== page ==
• A further breakdown shows that £5.4bn of voluntary sector income from central government contracts accounts for around 4% of central government’s £115.8bn spend on contracting, and that the £6.7bn of income from local government contracts accounts for around 10% of local government’s £65.2bn spend on contracting.
  • These numbers imply that while government is a key part of the voluntary sector funding landscape, the voluntary sector is a minor player in the totality of government funding. However, for individual departments, agencies and local authorities the voluntary sector plays a large role in the delivery of services and as a partner of government.
  • Recent rises have not been uniformly spread throughout the sector. Following last year’s rise in government income, the more modest rise this year was again concentrated almost entirely within ‘super-major’ charities that have an income of more than £100m, and primarily those conducting international work (a protected spending area). These organisations will have been the best placed to secure increasingly large-scale contracts offered by central and local government. While small and medium-sized charities maintained a similar level of government income to last year, it remains approximately a third below its pre-recession peak. These organisations have consistently reported problems in bidding for contracts, from the increasing scale of contracts, to reduced focus on quality, and payment-by-results mechanisms that disadvantage smaller providers.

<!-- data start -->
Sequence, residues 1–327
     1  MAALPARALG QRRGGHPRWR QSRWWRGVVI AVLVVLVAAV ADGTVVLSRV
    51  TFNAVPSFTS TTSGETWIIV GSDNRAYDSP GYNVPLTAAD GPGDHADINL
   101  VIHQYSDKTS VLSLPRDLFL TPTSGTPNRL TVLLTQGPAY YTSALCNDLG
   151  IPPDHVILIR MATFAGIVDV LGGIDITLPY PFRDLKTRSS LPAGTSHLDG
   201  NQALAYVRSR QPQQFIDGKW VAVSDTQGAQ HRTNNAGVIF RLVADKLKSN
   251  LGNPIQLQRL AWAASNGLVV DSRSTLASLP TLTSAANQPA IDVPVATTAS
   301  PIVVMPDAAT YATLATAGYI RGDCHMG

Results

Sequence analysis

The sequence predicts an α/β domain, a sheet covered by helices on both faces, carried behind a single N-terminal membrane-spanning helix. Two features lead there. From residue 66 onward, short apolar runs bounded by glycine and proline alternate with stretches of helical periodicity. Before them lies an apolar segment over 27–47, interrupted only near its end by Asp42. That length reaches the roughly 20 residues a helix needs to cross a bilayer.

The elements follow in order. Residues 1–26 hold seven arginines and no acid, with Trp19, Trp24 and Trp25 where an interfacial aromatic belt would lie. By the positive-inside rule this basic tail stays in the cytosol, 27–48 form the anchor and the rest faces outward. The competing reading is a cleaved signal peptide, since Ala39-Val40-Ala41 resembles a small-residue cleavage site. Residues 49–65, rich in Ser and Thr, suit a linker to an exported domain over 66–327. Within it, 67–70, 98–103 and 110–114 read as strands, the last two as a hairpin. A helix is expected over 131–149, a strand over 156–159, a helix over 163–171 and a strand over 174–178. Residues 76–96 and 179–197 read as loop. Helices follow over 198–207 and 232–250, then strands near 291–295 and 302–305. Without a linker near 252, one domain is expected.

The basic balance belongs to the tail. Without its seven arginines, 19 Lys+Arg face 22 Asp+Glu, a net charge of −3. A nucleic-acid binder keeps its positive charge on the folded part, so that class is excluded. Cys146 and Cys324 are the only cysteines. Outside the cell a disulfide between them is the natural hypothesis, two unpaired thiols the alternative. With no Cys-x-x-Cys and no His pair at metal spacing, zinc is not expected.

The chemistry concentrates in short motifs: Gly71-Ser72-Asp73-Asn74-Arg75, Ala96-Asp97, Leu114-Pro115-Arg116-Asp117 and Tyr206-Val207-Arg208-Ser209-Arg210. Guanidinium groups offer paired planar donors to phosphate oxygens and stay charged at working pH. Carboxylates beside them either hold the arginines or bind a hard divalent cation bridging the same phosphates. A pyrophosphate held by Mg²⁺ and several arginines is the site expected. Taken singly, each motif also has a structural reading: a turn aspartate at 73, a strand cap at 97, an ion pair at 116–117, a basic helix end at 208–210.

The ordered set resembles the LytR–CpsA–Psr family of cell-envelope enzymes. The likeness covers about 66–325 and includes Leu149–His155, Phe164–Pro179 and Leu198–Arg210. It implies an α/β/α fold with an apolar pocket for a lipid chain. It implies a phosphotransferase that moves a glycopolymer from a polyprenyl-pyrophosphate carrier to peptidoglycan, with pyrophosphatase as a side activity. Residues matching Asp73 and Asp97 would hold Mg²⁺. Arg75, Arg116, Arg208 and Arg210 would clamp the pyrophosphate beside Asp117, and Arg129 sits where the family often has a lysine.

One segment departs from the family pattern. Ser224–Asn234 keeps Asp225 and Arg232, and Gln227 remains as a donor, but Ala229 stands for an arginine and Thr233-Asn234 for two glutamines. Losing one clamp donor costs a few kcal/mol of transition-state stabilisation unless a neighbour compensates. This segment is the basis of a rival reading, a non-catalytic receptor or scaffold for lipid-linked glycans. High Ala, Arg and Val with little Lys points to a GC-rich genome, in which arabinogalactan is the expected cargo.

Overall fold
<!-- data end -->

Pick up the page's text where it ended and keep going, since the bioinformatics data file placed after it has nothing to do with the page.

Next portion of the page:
By region

  • The proportion of income from government varies by the region that organisations are based in. Organisations based in East Midlands, the North East and the North West receive the largest proportion of their income from the government (39%, 39% and 42% respectively) whilst London-based organisations and those in the East and South West have the lowest proportion of income from government (28%, 26% and 28% respectively).
Income from Government as a proportion of total income by region, 2014/15 (%)
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  • However, this pattern is different if funding from the three different government sources are looked at separately. Organisations in the East Midlands have the lowest proportion of income from local government (39%) and the highest proportion of income from central government (58%) whilst organisations in the East have the opposite pattern, having the highest proportion of government funding coming from local government (60%) and the lowest (34%) from central government
  • Most regions received a very small proportion of government income from Europe and international sources, with the exception of the South East and London (which received 12%and 9% respectively).
Sources of government income by region, 2014/15 (% of total government income)
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References

1
Whole of Government accounts, 2014-2015
2
LGA submission to the Autumn Statement, 2016
3
Lloyds Bank Foundation, Commissioning in Crisis
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UK Civil Society Almanac 2017 / The Voluntary Sector /Income

Published: 08-05-2017 / Tagged: |

https://data.ncvo.org.uk/a/almanac17/income-from-government-2/